Mar 23, 2023
The Health Resources and Services Administration (HRSA), part of the US Department of Health and Human Services, revealed plans on Wednesday to revamp the nation's organ transplant system. The focus will be on accountability and transparency by seeking additional contracts to operate the Organ Procurement and Transplantation Network (OPTN) and sharing data more openly.
The nonprofit United Network for Organ Sharing (UNOS) has exclusively managed the system until now, but it has recently faced criticism for its organ handling, lengthy transplant waitlists, and the number of deaths among those waiting, which amounts to approximately 6,000 annually. Over 100,000 people in the United States are currently on organ transplant waitlists.
HRSA Administrator Carole Johnson emphasized that organ transplant oversight is a "top priority." She added that the agency is taking action to increase transparency and reform the OPTN to better serve individuals and families relying on life-saving organ transplants.
HRSA plans to introduce a new data dashboard that will offer details about individual transplant centers and organ procurement, covering aspects such as organ retrieval, waitlists, transplants, and demographics.
Additionally, the agency will update the OPTN's IT system, which a Senate Finance Committee report last year described as "outdated, mismanaged, and insecure." The upgrades aim to enhance governance and transparency.
The agency's efforts will focus on key priorities, such as addressing the needs of over 100,000 people awaiting transplants, maintaining the system's round-the-clock life-saving capabilities, and ensuring patient safety and health. HRSA also highlighted that President Joe Biden's 2024 budget proposal requested an increase in funding for organ procurement and transplantation, totaling $67 million, and urged Congress to modernize old regulations surrounding appropriations and contracts for organ transplants to boost competition.
UNOS expressed support for the government's plan and welcomed a competitive and open bidding process for the next OPTN contract to optimize life-saving efforts and equity. The organization believes it has the necessary experience and expertise to serve the nation's patients and implement HRSA's proposed initiatives.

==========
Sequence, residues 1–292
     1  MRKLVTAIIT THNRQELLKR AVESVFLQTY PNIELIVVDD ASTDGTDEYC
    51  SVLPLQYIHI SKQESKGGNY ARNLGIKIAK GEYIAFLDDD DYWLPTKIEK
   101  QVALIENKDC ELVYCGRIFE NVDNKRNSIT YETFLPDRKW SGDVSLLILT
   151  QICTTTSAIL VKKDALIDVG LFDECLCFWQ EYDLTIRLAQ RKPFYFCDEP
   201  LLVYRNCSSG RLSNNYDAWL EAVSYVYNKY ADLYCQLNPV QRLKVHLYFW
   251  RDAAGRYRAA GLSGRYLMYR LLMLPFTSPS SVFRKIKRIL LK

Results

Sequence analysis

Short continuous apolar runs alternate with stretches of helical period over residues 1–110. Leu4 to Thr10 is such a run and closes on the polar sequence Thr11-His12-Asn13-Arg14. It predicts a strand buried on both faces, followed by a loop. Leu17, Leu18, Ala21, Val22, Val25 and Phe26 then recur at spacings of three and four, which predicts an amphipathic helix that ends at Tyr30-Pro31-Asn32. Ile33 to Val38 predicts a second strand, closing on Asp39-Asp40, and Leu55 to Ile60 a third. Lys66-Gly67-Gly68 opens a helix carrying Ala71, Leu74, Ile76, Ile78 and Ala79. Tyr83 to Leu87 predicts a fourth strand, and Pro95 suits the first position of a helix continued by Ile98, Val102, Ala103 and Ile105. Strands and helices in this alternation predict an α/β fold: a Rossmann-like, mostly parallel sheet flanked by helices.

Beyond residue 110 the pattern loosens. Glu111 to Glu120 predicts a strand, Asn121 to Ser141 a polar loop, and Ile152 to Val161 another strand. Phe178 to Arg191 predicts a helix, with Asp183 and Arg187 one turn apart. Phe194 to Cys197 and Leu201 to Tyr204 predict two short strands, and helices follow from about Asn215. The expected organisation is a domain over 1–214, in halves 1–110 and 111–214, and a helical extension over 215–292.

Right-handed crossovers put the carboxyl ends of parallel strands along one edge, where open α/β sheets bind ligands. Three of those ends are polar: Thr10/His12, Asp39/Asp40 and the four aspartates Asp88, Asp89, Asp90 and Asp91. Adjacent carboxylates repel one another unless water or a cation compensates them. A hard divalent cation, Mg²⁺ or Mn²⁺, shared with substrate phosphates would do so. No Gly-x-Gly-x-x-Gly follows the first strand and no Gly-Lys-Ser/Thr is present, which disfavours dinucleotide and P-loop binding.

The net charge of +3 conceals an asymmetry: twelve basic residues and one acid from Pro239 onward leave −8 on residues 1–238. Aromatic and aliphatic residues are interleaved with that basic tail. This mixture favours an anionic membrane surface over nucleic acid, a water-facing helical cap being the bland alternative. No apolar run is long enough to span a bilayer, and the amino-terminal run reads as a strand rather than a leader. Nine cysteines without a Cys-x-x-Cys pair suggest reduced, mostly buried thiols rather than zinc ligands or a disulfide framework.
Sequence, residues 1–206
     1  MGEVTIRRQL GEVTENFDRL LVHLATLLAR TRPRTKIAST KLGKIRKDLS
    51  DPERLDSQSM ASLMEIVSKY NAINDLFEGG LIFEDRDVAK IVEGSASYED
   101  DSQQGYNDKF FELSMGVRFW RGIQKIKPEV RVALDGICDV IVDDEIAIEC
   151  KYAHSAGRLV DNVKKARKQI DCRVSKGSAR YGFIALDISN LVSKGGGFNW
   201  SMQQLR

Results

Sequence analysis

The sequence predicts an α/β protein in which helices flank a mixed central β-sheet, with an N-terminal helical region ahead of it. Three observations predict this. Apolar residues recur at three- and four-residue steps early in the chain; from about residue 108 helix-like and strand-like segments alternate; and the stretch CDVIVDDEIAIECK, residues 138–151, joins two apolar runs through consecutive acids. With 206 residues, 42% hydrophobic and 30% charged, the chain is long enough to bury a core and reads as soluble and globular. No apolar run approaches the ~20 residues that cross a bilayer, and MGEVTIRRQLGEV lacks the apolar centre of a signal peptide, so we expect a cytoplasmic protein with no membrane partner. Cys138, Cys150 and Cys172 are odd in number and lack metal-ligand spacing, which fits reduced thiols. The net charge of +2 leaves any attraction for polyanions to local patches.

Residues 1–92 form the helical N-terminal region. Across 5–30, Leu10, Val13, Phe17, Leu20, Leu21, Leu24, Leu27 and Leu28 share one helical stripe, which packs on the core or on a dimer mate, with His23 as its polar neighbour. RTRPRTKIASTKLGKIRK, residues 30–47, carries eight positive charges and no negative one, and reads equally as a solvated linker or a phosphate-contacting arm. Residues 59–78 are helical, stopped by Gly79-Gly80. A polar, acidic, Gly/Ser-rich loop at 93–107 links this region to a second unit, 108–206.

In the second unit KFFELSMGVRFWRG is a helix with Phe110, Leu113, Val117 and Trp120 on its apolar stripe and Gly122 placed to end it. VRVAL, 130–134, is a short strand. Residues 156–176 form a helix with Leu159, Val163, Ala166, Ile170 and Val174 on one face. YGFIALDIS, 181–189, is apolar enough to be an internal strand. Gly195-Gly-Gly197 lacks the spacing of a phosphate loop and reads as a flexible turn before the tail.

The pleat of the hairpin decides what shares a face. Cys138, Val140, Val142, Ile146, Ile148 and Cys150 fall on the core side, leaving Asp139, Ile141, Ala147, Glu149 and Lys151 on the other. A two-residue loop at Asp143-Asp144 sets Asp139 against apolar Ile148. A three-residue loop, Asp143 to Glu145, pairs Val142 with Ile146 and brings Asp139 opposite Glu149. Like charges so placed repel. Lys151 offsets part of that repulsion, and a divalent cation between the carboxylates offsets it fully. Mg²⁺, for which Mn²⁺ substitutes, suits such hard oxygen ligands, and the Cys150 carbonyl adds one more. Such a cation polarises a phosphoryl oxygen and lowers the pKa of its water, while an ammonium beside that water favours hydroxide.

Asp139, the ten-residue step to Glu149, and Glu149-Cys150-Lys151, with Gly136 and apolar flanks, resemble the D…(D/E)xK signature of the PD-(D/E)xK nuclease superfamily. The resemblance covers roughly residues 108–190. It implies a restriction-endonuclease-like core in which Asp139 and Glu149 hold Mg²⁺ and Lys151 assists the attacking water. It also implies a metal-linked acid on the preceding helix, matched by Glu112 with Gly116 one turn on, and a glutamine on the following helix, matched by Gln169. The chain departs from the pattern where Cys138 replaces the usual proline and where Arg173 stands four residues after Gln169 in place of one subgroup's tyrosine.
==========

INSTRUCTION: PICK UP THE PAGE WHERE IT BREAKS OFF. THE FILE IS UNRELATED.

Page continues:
A Senate Finance Committee report released last year identified 70 deaths caused by system failures in the OPTN from 2010 to 2020 and highlighted considerable room for improvement in the management of organ transplants in the US. The report concluded that the current transplant network was failing, putting American lives at risk.
This video from NBC News discusses this issue in-depth.
Rich Foreman brings over 30 years of technology leadership to his role of CEO and Co-Founder of KidneySoft. As founding CTO, Rich led the team that developed the CordicoShield / CordicoFire Wellness App. Cordico was honored with the Sacramento Innovation Award in 2021. After achieving a 7 digit ARR, Cordico was acquired by Lexipol in 2020. Rich has a BS in Industrial Engineering from the University of Washington, an MPA from Troy State University and was an officer in the U.S. Navy. Rich co-authored his book, "Tap into the Mobile Economy." Rich's blog was listed in Top 20 Marketing Mobile Blogs of 2014. He has been featured on KCRA3, NEWS10, 1170 Tech AM PowerDrive, Business Radio Money 105.5, SiliconIndia, the Sacramento Business Journal, and the Sacramento Bee. Rich is also the Founding Director of the Sacramento Chapter of Startup Grind and served a term as Utility Commissioner for the City of Folsom. Rich is a regular contributor to TechWire.net and StartupSac. Rich was the Co-founder of Apptology which was named Small Business of the Year in 2014 by the Sacramento Asian Pacific Chamber. He was also the Founding Chief Technology Officer at Cordico. Cordico was acquired by Lexipol in 2020. Rich also served 4 years as a Naval Officer in the Civil Engineer Corps.
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